Friday, February 12, 2010

High–Speed Roulette

There’s an essential component of the concept of “engaged communities” that is badly- and sadly– lacking in most of rural Alberta. That shortfall is the alarming lack of high-speed Internet access. It goes to the very heart of “engagement” and threatens the future of the communities most at risk in post-boom Alberta.
Internet access drives global economic and social engagement. Without high-speed digital access, you’re not going to attract new residents and you won’t retain your young people. If you’re not wired, you can’t tell your story, and if you can’t tell your story, you’re hooped long-term. That’s today’s reality, and it will only become more pervasive as technology evolves. Yet rural Albertans- normally a progressive lot- are adopting a less-than- flattering posture with their rears in the air and their heads in the sand when it comes to their uptake on digital access.
Alberta’s Supernet strategy; rolled out with much fanfare and huge investment has failed to achieve its goals. The failure occurred not because of an inherent flaw in the Supernet concept. It failed because there was a lack of a “first mile strategy”- a strategy to entice rural residents to make the necessary investment in Internet access.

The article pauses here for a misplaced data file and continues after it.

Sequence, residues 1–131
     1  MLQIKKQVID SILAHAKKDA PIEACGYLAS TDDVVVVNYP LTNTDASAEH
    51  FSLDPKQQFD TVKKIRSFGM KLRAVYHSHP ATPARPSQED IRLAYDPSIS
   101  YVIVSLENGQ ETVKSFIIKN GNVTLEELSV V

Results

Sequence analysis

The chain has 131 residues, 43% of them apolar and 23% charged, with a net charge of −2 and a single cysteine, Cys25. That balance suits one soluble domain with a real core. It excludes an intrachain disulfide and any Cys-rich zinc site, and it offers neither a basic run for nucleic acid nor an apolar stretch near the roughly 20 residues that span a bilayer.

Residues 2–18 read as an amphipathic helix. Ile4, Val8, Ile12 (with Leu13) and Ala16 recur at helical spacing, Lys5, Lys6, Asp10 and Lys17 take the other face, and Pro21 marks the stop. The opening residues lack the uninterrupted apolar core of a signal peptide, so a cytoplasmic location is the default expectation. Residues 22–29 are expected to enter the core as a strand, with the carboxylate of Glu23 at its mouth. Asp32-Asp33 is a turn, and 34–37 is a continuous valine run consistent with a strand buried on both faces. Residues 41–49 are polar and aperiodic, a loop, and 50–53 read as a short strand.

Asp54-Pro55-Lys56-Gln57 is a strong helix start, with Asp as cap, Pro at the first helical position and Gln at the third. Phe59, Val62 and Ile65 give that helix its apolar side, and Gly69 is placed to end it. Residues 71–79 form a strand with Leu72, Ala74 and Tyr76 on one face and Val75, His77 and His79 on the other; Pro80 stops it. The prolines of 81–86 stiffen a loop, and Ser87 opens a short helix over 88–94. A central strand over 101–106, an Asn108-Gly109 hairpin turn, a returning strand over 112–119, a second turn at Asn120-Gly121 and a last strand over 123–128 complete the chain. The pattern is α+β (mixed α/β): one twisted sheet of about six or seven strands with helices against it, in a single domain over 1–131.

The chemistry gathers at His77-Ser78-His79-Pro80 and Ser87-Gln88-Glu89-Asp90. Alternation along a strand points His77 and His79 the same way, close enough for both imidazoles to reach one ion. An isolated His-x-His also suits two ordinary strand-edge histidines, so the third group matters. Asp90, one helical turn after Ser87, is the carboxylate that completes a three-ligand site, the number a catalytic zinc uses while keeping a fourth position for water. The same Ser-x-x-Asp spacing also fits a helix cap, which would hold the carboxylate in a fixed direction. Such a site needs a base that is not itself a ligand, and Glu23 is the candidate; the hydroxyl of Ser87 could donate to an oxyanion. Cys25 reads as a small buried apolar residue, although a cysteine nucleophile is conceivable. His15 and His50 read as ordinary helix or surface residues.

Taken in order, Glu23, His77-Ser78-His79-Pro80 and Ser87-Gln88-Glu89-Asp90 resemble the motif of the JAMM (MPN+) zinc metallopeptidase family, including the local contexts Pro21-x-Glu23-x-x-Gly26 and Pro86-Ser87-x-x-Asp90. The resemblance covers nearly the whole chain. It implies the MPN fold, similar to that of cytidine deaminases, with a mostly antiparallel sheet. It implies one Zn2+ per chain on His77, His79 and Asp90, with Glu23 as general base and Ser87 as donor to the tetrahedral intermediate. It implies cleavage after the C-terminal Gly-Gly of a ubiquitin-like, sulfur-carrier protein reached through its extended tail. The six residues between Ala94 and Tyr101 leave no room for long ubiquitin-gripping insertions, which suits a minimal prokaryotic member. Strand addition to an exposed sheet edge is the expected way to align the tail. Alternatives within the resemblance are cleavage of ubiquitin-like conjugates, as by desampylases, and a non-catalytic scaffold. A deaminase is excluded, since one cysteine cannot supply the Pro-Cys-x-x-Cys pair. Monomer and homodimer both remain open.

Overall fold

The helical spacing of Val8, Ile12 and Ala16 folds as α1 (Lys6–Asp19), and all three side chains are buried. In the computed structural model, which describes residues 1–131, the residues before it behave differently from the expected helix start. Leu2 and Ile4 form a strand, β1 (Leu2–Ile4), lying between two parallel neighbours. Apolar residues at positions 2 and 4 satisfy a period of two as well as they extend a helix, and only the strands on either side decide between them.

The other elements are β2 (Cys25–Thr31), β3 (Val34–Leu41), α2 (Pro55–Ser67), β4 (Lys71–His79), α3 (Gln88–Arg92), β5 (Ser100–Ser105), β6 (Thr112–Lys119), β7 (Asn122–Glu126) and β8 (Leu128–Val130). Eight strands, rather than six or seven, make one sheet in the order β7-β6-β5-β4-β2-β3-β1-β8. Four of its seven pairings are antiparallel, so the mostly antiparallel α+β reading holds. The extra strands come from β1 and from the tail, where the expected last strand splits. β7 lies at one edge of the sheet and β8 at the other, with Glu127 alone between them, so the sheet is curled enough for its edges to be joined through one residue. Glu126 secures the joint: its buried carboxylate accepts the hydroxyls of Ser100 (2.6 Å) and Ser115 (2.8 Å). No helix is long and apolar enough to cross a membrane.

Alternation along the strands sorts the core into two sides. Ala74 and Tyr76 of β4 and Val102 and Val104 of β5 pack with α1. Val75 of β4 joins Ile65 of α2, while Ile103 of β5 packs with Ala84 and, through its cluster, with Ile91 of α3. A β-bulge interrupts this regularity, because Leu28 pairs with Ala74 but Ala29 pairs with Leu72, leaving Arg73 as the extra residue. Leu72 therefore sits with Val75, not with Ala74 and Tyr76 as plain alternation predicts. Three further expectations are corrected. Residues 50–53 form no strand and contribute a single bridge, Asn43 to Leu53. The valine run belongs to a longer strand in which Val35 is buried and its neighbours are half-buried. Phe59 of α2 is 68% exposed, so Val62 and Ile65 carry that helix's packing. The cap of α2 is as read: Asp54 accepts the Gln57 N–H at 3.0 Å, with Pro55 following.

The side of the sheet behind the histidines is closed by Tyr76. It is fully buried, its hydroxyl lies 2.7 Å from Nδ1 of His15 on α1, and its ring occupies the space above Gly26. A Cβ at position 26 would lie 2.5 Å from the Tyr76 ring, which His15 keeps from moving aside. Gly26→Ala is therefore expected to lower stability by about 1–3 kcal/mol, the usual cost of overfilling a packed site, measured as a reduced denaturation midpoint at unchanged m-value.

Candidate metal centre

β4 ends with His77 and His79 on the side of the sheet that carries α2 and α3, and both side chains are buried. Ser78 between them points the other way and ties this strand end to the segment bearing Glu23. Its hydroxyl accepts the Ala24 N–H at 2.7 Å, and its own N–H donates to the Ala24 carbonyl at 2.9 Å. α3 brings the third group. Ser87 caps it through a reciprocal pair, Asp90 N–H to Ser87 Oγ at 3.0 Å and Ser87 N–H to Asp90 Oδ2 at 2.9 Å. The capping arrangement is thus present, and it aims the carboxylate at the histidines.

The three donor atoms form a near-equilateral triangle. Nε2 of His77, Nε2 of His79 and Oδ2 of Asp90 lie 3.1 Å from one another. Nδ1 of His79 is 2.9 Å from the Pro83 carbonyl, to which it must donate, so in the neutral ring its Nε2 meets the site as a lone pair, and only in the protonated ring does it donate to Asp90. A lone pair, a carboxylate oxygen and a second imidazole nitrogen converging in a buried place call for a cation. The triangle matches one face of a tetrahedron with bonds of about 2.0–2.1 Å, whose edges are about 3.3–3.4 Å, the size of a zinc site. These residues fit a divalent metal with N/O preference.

I use the verb “entice” very deliberately. Government assistance has created a dependency in rural Alberta that gets in the way of progress. If the economics don’t yet justify private sector investment, and if the province doesn’t foot the bill, the very best of new initiatives will become a very, very tough sell in today’s Wild Rose Country.
That’s how it has been in Alberta, with the result that many third world countries have a higher rate of Internet uptake than rural Alberta. That spells doom for many communities that are on the cusp.
What makes it sadly ironic is that it doesn’t have to be that way. A historic model exists that could be reconfigured to lead the way to a digitized, energized and invigorated rural Alberta.
That model is the old Alberta Government Telephones. AGT had a mandate to bring telephone service to all Albertans, even those residing in its’ remote corners. It used the profits from urban operations to expand service to remote parts of the province. At completion of the province-wide rollout of phone service, AGT was privatized.
A similar crown corporation could spur Internet uptake in rural Alberta. Without that uptake, community outreach will only extend about a hundred kilometers down the road. In today’s wired world, that’s a one-way road to extinction.